Brief history…

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Born December 12, 1965, New York City. His father owned a fine art moving business and his mother was a Playright/Director at Cafe LaMama in its inaugural year. They were surrounded by a diverse crowd of artists, such as filmmaker Gary Galsworth and painter Charles Mingus Jr.. Michael’s family moved across the USA, living in Madison and Santa Fe, and finally settling on Whidbey Island in Washington State. He spent his teenage years clearing a six acre plot of land with his family and building their home - a seven sided geodesic dome. Michael attended The Evergreen State College from 1983-87, studying film and photography. After graduation he took his camera and, over a ten year period, traveled extensively throughout Europe. While traveling he lived with, performed with, and documented circus performers and their communities. Michael moved to St. Louis in 2001, started an art gallery with Alicia and William LaChance and began working full time as an artist - a lifetime dream. With no formal education as a painter, Michael draws on his eclectic past for inspiration - strongly influenced by his travels throughout Spain and France and rich colors and textures marked by time. His artwork is collected by individuals and corporations worldwide.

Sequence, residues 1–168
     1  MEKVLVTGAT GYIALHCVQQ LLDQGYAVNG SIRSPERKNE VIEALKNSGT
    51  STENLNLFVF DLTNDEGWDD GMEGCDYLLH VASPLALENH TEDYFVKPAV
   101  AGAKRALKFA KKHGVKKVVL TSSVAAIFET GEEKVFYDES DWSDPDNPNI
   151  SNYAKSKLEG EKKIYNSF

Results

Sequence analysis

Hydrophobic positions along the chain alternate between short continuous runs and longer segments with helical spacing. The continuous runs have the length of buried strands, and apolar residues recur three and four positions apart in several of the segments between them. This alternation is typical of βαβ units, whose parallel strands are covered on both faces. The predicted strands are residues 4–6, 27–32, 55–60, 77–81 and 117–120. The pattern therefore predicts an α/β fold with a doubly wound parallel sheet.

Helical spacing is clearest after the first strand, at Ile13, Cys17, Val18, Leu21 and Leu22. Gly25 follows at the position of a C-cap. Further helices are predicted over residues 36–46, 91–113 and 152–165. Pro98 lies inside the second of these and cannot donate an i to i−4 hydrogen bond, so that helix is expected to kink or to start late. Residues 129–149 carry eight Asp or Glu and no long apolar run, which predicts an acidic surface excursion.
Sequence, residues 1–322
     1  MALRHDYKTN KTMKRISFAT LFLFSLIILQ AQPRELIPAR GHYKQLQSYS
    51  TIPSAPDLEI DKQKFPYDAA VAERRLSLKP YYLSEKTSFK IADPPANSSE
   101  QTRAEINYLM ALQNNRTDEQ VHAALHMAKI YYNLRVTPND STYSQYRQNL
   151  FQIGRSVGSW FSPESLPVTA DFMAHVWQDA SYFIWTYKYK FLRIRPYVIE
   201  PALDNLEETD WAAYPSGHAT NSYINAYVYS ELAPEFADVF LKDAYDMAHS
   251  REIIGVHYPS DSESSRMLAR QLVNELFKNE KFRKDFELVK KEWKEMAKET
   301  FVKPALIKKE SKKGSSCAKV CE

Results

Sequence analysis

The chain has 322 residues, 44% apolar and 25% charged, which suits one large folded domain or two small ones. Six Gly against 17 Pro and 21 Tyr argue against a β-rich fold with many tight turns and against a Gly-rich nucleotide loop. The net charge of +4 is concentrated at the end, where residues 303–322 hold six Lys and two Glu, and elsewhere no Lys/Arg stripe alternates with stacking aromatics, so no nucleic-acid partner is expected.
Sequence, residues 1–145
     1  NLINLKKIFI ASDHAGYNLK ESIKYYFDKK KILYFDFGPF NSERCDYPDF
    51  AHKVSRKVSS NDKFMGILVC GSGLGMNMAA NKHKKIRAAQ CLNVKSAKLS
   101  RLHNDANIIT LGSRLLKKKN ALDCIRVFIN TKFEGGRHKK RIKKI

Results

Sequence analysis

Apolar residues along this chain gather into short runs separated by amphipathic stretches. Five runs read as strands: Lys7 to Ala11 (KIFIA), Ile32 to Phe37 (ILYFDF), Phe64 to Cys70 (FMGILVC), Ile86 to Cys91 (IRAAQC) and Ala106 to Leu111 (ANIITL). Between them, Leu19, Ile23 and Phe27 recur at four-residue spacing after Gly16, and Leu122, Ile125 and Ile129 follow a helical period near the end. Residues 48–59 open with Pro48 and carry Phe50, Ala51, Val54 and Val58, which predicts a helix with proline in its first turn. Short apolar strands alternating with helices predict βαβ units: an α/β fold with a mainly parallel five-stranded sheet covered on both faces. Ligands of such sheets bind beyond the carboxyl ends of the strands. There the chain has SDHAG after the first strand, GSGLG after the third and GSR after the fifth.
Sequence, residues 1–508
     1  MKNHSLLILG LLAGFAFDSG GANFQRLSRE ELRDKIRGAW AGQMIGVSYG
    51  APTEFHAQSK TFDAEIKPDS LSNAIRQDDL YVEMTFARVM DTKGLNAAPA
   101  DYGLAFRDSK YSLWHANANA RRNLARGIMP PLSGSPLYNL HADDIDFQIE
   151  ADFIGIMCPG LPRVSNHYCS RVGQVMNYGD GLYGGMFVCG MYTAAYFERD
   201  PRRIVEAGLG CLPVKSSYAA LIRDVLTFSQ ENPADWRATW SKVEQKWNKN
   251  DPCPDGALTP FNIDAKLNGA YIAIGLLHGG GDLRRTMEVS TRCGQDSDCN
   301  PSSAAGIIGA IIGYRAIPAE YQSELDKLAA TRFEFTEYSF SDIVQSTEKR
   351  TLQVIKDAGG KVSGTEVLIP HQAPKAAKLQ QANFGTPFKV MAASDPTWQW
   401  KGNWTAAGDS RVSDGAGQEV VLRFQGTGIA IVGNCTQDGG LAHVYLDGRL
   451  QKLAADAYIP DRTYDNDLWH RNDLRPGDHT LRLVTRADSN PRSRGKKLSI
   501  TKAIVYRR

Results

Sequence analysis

My paintings are meditative studies done with rich colors and bold graphic compositions - I often incorporate circles, grids and stripes. The universality and appeal of this symbology pulls the viewer in and holds them there to explore the subtle details. I try to create work that both captivates and calms. I work with abstractions because I want to put forth something universal that can be open to interpretations that are unique to each individual and can continue to evolve over time. A common theme in my painting is the relationship between rigid linear form and the organic flow of nature, order and disorder. I feel this is reflective in many ways of our society and peoples’ longing for something more than the sterility of technology in our modern lives. I believe inclusion of these two elements creates a certain universal harmony in many of my paintings.